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Global report on food colours

Clean label trend helps drive natural colours to overtake synthetics

By Nathan Gray+

05-Mar-2013
Last updated on 05-Mar-2013 at 13:15 GMT

Natural colours overtake synthetics as European growth leads the way
Natural colours overtake synthetics as European growth leads the way
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Natural colours have overtaken their synthetic counterparts for the first time ever, and the trend towards clean label products is one of the key drivers according to new data from Mintel and Leatherhead Food Research.

Continuing consumer and retail demand for natural and clean label products - especially within Europe - has helped the market for natural colours boom in recent years, with annual market growth in the last four years estimated to be more than 7% per year.

Such rapid growth has seen the share of the total food colours market taken by natural varieties increase from just around 34% in 2007 to nearly 39% in 2011. And this has led to an important shift in the balance of the market, says Mintel.

For the first time ever, natural colours have a bigger market share than synthetic colours.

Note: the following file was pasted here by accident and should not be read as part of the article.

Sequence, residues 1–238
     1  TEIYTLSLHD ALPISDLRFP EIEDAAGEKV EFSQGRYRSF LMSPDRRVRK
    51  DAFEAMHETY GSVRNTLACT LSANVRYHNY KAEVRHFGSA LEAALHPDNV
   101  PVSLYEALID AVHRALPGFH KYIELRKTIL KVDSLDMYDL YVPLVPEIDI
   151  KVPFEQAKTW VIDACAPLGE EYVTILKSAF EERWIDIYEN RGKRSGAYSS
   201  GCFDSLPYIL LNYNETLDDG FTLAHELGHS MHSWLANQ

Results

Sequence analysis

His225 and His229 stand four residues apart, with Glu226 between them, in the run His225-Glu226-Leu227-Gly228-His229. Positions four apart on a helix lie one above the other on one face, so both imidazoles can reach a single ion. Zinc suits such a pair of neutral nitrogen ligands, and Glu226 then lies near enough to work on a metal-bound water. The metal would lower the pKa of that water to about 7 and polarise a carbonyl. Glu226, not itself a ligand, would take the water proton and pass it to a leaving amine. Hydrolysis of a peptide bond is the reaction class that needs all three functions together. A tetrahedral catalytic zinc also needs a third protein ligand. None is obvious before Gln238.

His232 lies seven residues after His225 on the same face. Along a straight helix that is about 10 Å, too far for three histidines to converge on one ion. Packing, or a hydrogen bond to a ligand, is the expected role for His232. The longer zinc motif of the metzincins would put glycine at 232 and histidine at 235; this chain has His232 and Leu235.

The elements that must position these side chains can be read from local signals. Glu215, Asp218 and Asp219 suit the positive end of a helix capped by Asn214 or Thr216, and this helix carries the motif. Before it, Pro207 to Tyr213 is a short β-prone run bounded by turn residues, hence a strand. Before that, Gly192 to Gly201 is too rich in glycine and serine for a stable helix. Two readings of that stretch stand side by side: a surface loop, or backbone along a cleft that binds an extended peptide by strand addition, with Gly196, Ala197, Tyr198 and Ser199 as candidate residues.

The new report , put together by experts at Mintel and Leatherhead food Research, UK, also reveals a slow-down in growth within the artificial/synthetic colours market, which is now valued at 37% of the overall market compared to 40% in 2007.

“Europe is ahead in terms of the use of natural colours,” Chris Brockman, senior global food and drink analyst at Mintel told FoodNavigator.

“There is strong demand from countries like the UK and Germany, which have been strongly pushing for clean label solutions. And so therefore Europe has a greater share of the natural food colours market than say the US, for example, which is slightly behind.”

Brockman suggested that this overall market pattern can also be seen in new product launch data, where the use of natural colours in new food and drink products outweighs the use of synthetic colours by 2:1 on a global basis.

“But this is particularly skewed by region,” he explained. “When you look at Europe, for example, the share of natural colours is up to 85%. In Asia it’s about 67%, whilst in North America and Latin America it drops to 50%.”

“That’s because we are still seeing strong use in the confectionary and soft drinks use in particular, in the Americas region.”

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